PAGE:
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Thornhill

A historical perspective, drawn from the Ordnance Gazetteer of Scotland: A Survey of Scottish Topography, Statistical, Biographical and Historical, edited by Francis H. Groome and originally published in parts by Thomas C. Jack, Grange Publishing Works, Edinburgh between 1882 and 1885.

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Thornhill, a village in Morton parish, Nithsdale, Dumfriesshire. It stands, 225 feet above sea-level, within ½ mile of the Nith's left bank, and by road is 65 miles SSW of Edinburgh, 66 SSE of Glasgow, and 1 mile SW of Thornhill station on the Glasgow and South-Western railway (1850), this being 14¼ miles NNW of Dumfries and 28¼ SE of Cumnock Crowning a terrace or rising ground, it commands a magnificent view, and chiefly consists of a spacious main street, ½ mile long, which is planted with limetrees, and sends off three shorter streets at right angles. In the centre is a neat stone pillar or cross (1714), surmounted by a Pegasus and the Queensberry arms. On 19 Aug. 1803 Coleridge, Wordsworth, and his sister Dorothy 'passed through the village of Thornhill, built by the Duke of Queensberry, the " brother-houses" so small that they might have been built to stamp a character of insolent pride on his own huge mansion of Drumlanrig, which is full in view on the opposite side of the Nith.' But the late Duke of Buccleuch effected striking improvements in 1833 and after years; and Thornhill now has a post office, with money order, savings' bank, and telegraph departments, branches of the British Linen Co. and Union Banks, a local savings' bank (1843), two good hotels, gas works (1841), water and drainage works (1867), a brewery, a bowling green (1832), a masonic lodge (1814) with a handsome hall (1834), the Nithsdale Agricultural Society (1827), small debt courts on the second Thursday of April, August, and Dec., and fairs on the second Tuesday of Feb., May, August, and Nov. o. s., and the last Friday of June, besides cattle and flower shows on the third Tuesday of Sept. Dr Grierson's Museum (1869-72) of natural history and antiquities is specially interesting for its relics of Burns. The parish church, ¼ mile NE, is a handsome Norman edifice of 1841, built at a cost of £3554, and containing 1200 sittings. There are also a U.P. church (1816; 480 sittings) and an Evangelical Union chapel (1874; 312). Joseph Thomson, the African explorer, was born at Thornhill in 1858. Pop. (1779) 325, (1791) 430, (1831) 1373, (1861) 1450, (1871) 1349, (1881) 1289, of whom 685 were females. Houses (1881) 259 inhabited, 14 vacant, 1 building.—Ord. Sur., sh. 9, 1863. See Dr C. T. Ramage's Drumlanrig Castle and Morton (Dumf. 1876).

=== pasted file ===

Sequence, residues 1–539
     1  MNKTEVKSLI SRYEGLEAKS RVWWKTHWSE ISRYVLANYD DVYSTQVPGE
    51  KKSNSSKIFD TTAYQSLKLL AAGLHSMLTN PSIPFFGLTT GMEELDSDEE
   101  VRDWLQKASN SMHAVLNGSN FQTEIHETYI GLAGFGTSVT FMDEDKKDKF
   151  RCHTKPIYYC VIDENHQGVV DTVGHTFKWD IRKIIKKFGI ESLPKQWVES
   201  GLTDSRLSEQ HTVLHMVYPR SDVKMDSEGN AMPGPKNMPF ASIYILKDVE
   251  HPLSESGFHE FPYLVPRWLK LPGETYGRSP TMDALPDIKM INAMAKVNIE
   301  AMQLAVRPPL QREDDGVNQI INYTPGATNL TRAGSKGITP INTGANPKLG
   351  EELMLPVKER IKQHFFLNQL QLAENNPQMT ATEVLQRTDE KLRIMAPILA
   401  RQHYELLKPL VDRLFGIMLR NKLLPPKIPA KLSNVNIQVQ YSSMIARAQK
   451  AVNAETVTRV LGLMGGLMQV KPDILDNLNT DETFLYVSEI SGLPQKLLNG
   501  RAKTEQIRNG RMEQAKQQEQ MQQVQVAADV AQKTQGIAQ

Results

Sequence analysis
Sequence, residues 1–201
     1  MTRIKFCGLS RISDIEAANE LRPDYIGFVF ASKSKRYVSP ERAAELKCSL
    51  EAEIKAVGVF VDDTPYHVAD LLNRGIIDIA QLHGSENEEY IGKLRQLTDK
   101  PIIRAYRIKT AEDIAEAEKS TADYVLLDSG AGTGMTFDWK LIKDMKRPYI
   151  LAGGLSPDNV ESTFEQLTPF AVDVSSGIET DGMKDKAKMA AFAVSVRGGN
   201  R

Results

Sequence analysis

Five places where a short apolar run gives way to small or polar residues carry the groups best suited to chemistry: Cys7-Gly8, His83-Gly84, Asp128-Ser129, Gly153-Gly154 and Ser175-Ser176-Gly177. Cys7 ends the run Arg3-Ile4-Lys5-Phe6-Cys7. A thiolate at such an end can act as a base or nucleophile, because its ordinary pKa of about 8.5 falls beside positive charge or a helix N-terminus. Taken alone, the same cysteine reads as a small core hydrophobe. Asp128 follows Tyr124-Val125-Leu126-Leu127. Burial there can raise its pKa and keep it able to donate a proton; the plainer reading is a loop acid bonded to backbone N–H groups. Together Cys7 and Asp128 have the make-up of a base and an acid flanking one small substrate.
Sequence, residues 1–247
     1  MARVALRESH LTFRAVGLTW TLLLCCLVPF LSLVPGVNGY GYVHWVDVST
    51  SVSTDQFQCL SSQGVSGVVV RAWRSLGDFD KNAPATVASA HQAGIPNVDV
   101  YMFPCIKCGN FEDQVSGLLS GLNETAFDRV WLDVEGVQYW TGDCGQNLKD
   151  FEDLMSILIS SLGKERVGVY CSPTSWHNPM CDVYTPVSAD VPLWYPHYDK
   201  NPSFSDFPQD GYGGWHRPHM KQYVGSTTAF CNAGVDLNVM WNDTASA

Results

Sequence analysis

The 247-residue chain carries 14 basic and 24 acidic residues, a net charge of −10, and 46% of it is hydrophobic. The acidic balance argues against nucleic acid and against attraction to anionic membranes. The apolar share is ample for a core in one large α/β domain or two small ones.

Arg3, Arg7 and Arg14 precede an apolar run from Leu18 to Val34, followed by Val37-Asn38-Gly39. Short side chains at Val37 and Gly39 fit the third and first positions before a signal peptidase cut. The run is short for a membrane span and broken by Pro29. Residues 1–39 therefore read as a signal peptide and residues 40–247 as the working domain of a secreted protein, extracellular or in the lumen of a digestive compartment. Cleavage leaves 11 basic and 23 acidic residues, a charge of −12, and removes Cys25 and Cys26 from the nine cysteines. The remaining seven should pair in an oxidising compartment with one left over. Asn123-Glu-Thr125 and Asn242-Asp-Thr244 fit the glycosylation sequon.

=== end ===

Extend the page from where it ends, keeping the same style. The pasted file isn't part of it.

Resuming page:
An accompanying 19th C. Ordnance Survey map is available, or use the map tab to the right of this page.

Note: This text has been made available using a process of scanning and optical character recognition. Despite manual checking, some typographical errors may remain. Please remember this description dates from the 1880s; names may have changed, administrative divisions will certainly be different and there are known to be occasional errors of fact in the original text, which we have not corrected because we wish to maintain its integrity. This information is provided subject to our standard disclaimer

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